Professor Deborah Dann completed her first research project at the age of 8: classifying igneous, sedimentary, and metamorphic rocks. She received her first telescope at age 10. Fascinated by both celestial bodies and the earth’s crust, she decided to explore careers that would allow her to look up and down. She found one: Professor Dann teaches geology and astronomy at CCC.
“Teaching at Corning is rewarding because my students bring a wide range of life experiences to class,” said Professor Dann. “My students could be 18 and just starting out or they might be 50 and looking for a career change. Teaching astronomy and geology allows me to follow both passions and stay aware of current thinking so that I’m equipped to answer my students’ questions. Their curiosity drives me to continue learning every day.”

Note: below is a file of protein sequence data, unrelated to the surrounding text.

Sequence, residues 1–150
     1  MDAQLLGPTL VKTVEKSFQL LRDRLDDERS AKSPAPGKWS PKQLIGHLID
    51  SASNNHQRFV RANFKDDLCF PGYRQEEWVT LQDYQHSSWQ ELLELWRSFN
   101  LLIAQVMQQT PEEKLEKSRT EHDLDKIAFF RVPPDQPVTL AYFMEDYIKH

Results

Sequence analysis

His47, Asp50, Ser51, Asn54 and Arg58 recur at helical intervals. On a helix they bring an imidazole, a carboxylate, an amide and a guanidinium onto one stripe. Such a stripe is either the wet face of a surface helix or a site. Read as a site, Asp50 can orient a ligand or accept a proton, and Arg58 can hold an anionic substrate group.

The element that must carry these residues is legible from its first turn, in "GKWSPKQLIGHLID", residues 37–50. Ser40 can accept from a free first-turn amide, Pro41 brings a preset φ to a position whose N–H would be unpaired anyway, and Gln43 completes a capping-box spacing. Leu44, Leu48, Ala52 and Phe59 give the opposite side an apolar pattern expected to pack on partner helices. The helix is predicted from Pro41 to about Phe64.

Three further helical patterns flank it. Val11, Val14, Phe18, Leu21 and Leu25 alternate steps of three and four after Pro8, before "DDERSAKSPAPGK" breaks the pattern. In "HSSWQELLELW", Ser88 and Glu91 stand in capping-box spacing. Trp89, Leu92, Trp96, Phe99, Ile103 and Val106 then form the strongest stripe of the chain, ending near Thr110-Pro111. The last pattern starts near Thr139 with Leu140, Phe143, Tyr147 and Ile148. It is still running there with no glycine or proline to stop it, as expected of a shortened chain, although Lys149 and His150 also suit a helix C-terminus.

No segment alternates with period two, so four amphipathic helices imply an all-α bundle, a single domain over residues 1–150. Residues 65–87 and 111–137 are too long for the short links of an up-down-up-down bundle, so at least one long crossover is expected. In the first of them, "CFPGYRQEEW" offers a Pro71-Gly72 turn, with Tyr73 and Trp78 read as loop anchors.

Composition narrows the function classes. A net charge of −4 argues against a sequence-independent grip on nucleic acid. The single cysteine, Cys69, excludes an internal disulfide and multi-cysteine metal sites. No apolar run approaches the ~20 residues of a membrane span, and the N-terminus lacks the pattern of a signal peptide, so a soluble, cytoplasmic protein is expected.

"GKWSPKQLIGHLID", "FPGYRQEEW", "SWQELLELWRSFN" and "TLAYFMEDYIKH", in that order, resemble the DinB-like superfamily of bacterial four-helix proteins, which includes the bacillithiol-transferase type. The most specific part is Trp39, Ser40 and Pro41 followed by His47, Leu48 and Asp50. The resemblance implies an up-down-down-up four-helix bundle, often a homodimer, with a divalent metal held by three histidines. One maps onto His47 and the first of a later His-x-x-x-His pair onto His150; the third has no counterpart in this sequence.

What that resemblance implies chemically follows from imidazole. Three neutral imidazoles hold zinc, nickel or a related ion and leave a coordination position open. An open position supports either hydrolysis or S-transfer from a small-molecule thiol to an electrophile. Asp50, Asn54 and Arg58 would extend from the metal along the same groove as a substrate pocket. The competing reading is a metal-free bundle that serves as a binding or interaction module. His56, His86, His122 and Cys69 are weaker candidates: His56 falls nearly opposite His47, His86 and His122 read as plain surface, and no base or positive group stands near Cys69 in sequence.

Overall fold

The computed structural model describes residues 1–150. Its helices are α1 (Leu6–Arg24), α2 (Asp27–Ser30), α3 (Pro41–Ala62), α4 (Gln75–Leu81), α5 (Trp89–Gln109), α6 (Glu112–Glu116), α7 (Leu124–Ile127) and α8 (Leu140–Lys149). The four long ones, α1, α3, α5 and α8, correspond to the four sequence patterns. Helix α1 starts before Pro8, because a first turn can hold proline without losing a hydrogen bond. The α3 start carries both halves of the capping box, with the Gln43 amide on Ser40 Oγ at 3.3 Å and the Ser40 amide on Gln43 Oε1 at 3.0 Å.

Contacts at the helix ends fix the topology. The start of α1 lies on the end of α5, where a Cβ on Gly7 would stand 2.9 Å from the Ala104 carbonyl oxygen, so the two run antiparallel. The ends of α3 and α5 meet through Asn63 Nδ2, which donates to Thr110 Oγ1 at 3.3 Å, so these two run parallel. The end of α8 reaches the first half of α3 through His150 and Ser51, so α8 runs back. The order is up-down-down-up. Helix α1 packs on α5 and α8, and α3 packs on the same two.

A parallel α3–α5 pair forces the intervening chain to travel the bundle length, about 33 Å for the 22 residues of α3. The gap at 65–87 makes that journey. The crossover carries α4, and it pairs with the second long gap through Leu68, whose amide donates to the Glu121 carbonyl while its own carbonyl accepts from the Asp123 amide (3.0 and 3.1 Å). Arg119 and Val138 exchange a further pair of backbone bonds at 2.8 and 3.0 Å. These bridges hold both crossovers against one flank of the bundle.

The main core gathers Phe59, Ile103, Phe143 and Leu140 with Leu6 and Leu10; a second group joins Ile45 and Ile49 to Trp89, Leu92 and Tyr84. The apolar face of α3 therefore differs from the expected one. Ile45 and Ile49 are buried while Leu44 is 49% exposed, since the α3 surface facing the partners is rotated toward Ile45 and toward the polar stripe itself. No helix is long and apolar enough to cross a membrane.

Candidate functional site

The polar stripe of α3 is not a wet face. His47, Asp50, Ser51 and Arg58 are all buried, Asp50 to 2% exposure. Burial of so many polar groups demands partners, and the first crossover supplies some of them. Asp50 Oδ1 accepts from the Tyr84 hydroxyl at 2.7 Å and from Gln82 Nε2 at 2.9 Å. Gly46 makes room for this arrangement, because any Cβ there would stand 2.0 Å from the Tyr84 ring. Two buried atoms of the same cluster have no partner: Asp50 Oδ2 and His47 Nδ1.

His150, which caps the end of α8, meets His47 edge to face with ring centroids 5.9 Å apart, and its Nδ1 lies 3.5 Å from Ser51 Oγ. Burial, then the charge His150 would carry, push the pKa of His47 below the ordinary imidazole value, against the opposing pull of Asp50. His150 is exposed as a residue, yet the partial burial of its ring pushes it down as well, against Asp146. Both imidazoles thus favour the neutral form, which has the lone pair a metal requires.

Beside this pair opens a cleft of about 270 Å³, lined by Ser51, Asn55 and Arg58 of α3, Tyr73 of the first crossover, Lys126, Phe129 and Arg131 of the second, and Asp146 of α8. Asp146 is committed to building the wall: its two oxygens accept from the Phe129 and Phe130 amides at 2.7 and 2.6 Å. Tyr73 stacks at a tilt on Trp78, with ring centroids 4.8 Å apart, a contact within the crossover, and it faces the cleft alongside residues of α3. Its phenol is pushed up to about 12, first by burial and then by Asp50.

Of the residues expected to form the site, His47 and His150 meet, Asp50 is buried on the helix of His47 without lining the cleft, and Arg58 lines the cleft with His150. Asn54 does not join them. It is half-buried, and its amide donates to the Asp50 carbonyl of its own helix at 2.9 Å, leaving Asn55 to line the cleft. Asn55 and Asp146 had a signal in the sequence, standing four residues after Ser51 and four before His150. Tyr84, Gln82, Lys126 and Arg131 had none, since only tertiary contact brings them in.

She also enjoys teaching at Corning in the sciences because she knows first-hand the power of having female role models in these fields. As a college freshman, she was encouraged by the head of the Astronomy Program to go home and find a husband. She found this annoying and set about proving him wrong. She did.
“I suspected it would be hard, and it was, but it wasn’t impossible,” said Professor Dann. “I believe it would have been easier to see that my goals were possible if I’d had a female role model who was doing what I hoped to do. But I didn’t let it stop me. My goal—and what I try to impart to my students—is to aim high and to never let anyone else determine your abilities. Only you know what you can do. You just have to try.”